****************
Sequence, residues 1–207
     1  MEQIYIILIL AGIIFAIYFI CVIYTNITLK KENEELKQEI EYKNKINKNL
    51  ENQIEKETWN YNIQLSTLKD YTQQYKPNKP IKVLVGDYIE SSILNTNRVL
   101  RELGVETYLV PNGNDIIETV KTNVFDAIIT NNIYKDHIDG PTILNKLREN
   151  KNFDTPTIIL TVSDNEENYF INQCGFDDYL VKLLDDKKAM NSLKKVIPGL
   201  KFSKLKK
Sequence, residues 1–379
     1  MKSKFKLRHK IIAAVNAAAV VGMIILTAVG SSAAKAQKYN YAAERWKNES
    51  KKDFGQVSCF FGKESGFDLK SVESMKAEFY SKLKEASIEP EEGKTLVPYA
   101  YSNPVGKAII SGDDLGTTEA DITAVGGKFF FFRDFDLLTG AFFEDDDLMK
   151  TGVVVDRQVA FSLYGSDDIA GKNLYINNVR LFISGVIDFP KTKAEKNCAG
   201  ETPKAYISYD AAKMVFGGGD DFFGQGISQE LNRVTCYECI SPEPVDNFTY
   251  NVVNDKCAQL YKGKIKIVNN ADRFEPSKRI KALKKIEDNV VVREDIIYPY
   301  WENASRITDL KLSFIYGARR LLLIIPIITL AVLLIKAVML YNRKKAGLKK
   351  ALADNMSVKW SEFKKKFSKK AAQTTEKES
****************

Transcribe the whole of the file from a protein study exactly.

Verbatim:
Sequence, residues 1–207
     1  MEQIYIILIL AGIIFAIYFI CVIYTNITLK KENEELKQEI EYKNKINKNL
    51  ENQIEKETWN YNIQLSTLKD YTQQYKPNKP IKVLVGDYIE SSILNTNRVL
   101  RELGVETYLV PNGNDIIETV KTNVFDAIIT NNIYKDHIDG PTILNKLREN
   151  KNFDTPTIIL TVSDNEENYF INQCGFDDYL VKLLDDKKAM NSLKKVIPGL
   201  KFSKLKK
Sequence, residues 1–379
     1  MKSKFKLRHK IIAAVNAAAV VGMIILTAVG SSAAKAQKYN YAAERWKNES
    51  KKDFGQVSCF FGKESGFDLK SVESMKAEFY SKLKEASIEP EEGKTLVPYA
   101  YSNPVGKAII SGDDLGTTEA DITAVGGKFF FFRDFDLLTG AFFEDDDLMK
   151  TGVVVDRQVA FSLYGSDDIA GKNLYINNVR LFISGVIDFP KTKAEKNCAG
   201  ETPKAYISYD AAKMVFGGGD DFFGQGISQE LNRVTCYECI SPEPVDNFTY
   251  NVVNDKCAQL YKGKIKIVNN ADRFEPSKRI KALKKIEDNV VVREDIIYPY
   301  WENASRITDL KLSFIYGARR LLLIIPIITL AVLLIKAVML YNRKKAGLKK
   351  ALADNMSVKW SEFKKKFSKK AAQTTEKES